The various regional names used appear derived over time from a Greco-Roman origin, although when and how this occurred is presently unknown. It is possible the instrument existed in Europe during a period earlier than the Arabic conquests in the Iberian peninsula with the names diverging alongside the regional evolution of European languages from Latin following the collapse of the Roman Empire. While the name of the lute, the instrument itself has been interpreted as being of Arabic/Persian origin, the gittern does not appear in historical Arabic source material to support what can only be speculation; the gittern had faded so from memory in England that identifying the instrument proved problematic for 20th century early music scholarship. It was assumed the ancestry of the modern guitar was only to be discovered through the study of flat-backed instruments; as a consequence, what is now believed to be the only known surviving medieval citole was until labelled a gittern. In 1977, Lawrence Wright published his article The Medieval Gittern and Citole: A Case of Mistaken Identity. in issue 30 of the Galpin Society Journal.
Wright's research corresponded with observations about the origins of the flat-backed guitarra made by 16th century Spanish musicologist Juan Bermudo. With this theoretical approach it became possible for scholars to untangle confusing and contradictory nomenclature; because of the complex nature of the subject, the list and links below should assist in further reading. Names in English: gittern, giterninge, giterne. John Playford's A Booke of New Lessons for the Cithern & Gittern may represent a response to the continued popularity of both instruments; the guitar that re-surfaces during the mid-1750s, enjoying a wave of popularity that faded away in the 19th century.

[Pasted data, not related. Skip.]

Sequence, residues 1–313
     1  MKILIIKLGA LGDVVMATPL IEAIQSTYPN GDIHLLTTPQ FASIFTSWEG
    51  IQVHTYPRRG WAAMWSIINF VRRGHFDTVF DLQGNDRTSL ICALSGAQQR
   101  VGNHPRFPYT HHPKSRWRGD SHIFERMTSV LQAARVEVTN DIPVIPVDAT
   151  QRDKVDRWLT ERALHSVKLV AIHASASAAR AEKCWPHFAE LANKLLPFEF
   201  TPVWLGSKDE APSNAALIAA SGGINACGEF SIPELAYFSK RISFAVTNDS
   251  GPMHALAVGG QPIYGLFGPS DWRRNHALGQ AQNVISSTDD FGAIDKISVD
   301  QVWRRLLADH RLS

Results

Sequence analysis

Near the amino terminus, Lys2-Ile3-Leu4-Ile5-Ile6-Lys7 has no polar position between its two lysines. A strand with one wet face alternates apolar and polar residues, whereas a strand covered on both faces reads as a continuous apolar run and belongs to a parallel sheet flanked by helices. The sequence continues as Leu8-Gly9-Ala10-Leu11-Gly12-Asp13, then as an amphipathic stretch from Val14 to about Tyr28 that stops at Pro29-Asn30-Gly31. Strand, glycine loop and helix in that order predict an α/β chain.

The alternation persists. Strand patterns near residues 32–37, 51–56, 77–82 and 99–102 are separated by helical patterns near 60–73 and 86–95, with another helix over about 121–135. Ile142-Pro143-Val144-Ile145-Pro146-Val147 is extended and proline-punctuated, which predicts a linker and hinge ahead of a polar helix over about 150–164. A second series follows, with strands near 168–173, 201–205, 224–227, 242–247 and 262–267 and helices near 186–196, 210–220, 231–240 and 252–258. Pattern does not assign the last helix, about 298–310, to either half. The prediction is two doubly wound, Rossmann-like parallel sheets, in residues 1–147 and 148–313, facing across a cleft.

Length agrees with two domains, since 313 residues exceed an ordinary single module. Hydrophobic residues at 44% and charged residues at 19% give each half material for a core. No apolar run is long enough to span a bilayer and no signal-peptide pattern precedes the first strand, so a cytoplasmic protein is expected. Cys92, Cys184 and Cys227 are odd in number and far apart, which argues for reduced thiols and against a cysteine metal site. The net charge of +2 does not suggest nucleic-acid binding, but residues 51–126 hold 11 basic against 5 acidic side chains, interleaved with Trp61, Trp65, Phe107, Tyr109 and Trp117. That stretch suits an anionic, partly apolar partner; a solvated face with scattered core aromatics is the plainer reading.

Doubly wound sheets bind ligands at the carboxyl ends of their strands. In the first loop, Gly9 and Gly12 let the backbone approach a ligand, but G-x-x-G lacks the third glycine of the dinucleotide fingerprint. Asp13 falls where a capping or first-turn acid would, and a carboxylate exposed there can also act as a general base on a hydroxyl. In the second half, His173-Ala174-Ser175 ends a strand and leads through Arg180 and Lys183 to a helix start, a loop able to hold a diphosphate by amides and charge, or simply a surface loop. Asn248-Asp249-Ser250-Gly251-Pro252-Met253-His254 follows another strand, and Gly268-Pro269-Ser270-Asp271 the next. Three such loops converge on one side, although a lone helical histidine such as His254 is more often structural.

Greek mythology is the body of myths told by the ancient Greeks. These stories concern the origin and the nature of the world, the lives and activities of deities and mythological creatures, the origins and significance of the ancient Greeks' own cult and ritual practices. Modern scholars study the myths in an attempt to shed light on the religious and political institutions of ancient Greece and its civilization, to gain understanding of the nature of myth-making itself; the Greek myths were propagated in an oral-poetic tradition most by Minoan and Mycenaean singers starting in the 18th century BC. Two poems by Homer's near contemporary Hesiod, the Theogony and the Works and Days, contain accounts of the genesis of the world, the succession of divine rulers, the succession of human ages, the origin of human woes, the origin of sacrificial practices. Myths are preserved in the Homeric Hymns, in fragments of epic poems of the Epic Cycle, in lyric poems, in the works of the tragedians and comedians of the fifth century BC, in writings of scholars and poets of the Hellenistic Age, in texts from the time of the Roman Empire by writers such as Plutarch and Pausanias.